Statement made on 10 February 2011 by Senator Wilfred Moore
Hon. Wilfred P. Moore:
Honourable senators, I rise today to pay tribute to the late Brigadier-General Edward Alfred Charles "Ned" Amy, who passed away on February 2, 2011, at Camp Hill Veterans' Memorial Building in Halifax, Nova Scotia.
Born in Newcastle, New Brunswick, on March 28, 1918, Ned graduated from the Royal Military College in Kingston, Ontario, in 1939. During World War II, he was a feisty, fearless tank commander. Ned participated with distinction as an officer in three Canadian armoured regiments — the Ontario Regiment, the King's Own Calgary Regiment and the Grenadier Guards — the 22nd Canadian Armoured Regiment — in the Allied invasions and liberations of Sicily, Italy, and the Normandy to Germany campaign.
With the end of World War II, Ned commanded the Royal Canadian Armoured Corps School, the Royal Canadian Dragoons, the 1st Canadian Contingent to the United Nations Peacekeeping Force in Cyprus, the 1st Canadian Infantry Brigade Group in Calgary, and the 4th Canadian Mechanized Brigade Group in Germany. He served as the 1st General Staff Officer to the Commonwealth Division in Korea, and as a staff officer to both SHAPE and NATO headquarters.
At Canadian Forces headquarters in Ottawa, he served as Director of Armour, Director of Operational Support Requirements, and as Director-General of Land Forces Operations.
Upon his retirement in 1972, Ned marshalled his talents with immeasurable energy into volunteer service. He was President of the Royal United Services Institute of Nova Scotia, President of the Army Cadet League of Nova Scotia, member of the Citadel Hill Army Museum board of governors, Honorary Colonel of the Royal Canadian Dragoons, and Colonel Commandant of the Royal Canadian Armoured Corps.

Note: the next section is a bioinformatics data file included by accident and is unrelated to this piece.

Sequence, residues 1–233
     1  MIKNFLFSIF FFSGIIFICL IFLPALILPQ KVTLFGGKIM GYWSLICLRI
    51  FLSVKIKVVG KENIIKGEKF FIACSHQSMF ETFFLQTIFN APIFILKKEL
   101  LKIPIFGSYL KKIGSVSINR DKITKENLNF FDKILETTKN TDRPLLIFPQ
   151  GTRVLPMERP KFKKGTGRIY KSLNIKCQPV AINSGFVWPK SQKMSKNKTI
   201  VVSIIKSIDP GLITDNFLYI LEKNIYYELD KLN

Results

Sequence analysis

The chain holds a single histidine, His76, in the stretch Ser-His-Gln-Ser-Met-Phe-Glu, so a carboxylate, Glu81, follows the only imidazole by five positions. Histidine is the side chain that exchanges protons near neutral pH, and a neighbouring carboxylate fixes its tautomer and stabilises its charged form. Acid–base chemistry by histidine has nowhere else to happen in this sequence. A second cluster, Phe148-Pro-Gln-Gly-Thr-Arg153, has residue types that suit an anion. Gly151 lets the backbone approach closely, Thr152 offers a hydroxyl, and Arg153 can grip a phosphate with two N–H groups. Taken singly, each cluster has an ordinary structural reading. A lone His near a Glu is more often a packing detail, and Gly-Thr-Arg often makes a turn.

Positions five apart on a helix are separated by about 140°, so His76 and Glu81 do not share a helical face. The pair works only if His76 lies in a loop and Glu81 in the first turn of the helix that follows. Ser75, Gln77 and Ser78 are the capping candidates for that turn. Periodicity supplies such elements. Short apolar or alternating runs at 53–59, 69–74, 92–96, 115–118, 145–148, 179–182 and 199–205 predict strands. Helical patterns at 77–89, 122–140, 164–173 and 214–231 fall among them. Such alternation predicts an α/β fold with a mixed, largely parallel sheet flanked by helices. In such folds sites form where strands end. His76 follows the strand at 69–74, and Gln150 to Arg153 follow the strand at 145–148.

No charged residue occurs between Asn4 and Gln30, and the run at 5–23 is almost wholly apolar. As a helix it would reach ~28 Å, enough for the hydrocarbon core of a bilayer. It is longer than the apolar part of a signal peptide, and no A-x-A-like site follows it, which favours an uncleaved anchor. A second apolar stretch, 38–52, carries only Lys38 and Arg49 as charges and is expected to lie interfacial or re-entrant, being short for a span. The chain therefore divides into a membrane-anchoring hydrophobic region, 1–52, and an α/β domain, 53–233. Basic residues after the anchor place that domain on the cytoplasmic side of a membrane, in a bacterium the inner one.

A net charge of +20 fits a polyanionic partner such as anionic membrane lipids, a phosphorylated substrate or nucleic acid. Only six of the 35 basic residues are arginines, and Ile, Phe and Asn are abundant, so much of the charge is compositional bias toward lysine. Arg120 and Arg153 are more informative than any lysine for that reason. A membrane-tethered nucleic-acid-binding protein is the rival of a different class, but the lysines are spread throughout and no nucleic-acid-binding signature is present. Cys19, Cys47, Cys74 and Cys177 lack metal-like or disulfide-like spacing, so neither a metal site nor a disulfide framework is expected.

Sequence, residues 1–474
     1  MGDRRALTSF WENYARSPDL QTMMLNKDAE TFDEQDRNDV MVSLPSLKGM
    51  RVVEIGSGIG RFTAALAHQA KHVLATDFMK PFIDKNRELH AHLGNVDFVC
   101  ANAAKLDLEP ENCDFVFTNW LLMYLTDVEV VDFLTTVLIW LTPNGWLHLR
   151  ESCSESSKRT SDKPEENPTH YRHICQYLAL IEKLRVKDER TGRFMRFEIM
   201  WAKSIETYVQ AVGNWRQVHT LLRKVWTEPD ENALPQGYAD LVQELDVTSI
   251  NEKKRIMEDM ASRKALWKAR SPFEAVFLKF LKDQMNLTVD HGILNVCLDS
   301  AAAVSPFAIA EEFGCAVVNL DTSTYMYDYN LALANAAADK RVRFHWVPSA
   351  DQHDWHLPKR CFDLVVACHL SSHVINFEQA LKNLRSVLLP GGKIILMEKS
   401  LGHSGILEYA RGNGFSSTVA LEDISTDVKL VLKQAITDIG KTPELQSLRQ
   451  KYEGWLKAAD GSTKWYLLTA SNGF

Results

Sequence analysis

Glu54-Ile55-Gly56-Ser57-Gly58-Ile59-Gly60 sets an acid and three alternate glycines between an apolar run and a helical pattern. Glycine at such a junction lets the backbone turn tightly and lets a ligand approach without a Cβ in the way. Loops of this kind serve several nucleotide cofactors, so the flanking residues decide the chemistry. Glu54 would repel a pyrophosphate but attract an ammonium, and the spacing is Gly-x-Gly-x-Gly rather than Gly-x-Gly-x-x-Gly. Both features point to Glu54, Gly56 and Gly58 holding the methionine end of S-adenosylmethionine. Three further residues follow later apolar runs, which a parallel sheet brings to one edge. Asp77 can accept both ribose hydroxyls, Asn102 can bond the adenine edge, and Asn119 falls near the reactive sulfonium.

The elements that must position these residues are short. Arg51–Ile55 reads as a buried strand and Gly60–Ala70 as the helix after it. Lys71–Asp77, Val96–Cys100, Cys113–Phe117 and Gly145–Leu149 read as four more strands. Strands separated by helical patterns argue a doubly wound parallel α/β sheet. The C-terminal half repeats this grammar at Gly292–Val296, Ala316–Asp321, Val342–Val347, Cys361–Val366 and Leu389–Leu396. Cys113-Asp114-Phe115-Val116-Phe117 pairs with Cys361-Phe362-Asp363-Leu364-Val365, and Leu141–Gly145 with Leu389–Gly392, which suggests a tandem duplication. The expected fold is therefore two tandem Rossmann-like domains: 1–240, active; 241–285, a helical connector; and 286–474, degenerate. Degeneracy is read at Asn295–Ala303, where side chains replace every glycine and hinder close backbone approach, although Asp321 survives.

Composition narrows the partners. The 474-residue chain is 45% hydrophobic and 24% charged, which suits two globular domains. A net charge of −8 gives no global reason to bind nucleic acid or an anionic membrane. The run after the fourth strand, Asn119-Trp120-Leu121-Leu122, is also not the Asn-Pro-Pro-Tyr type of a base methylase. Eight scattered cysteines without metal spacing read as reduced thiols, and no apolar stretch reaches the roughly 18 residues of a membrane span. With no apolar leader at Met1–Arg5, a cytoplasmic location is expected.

He was a founder and active participant in the "Ko Canadian Unity Group," a gathering of concerned retired Canadian Forces personnel who, since 1995, have met regularly at Ko's Restaurant in Bridgewater, Nova Scotia.
Perhaps his most beloved volunteerism was that as one of the Friends of the Halifax Rifles. He led us in that campaign which achieved victory on September 5, 2008, with the reactivation of that historic regiment as an army reserve unit.
Ned was one of Canada's three most-decorated soldiers. Ned proudly wore the Distinguished Service Order, the Order of the British Empire, the Military Cross, the Canadian Decoration, the Bronze Star of the United States of America and the Cross of Chevalier of the Legion d'honneur of France. On November 14, 2007, I spoke in this chamber about Ned's battle heroics.
Predeceased by his loving wife, Jean, we express our heartfelt sympathy to Ned's sons, Robert and Michael, and other members of his family. He will be interred in the cemetery at Indian Point, Lunenburg County, Nova Scotia, overlooking his beloved Mahone Bay.
Canada has lost a very special son. I am honoured to have been his friend. We shall remember him.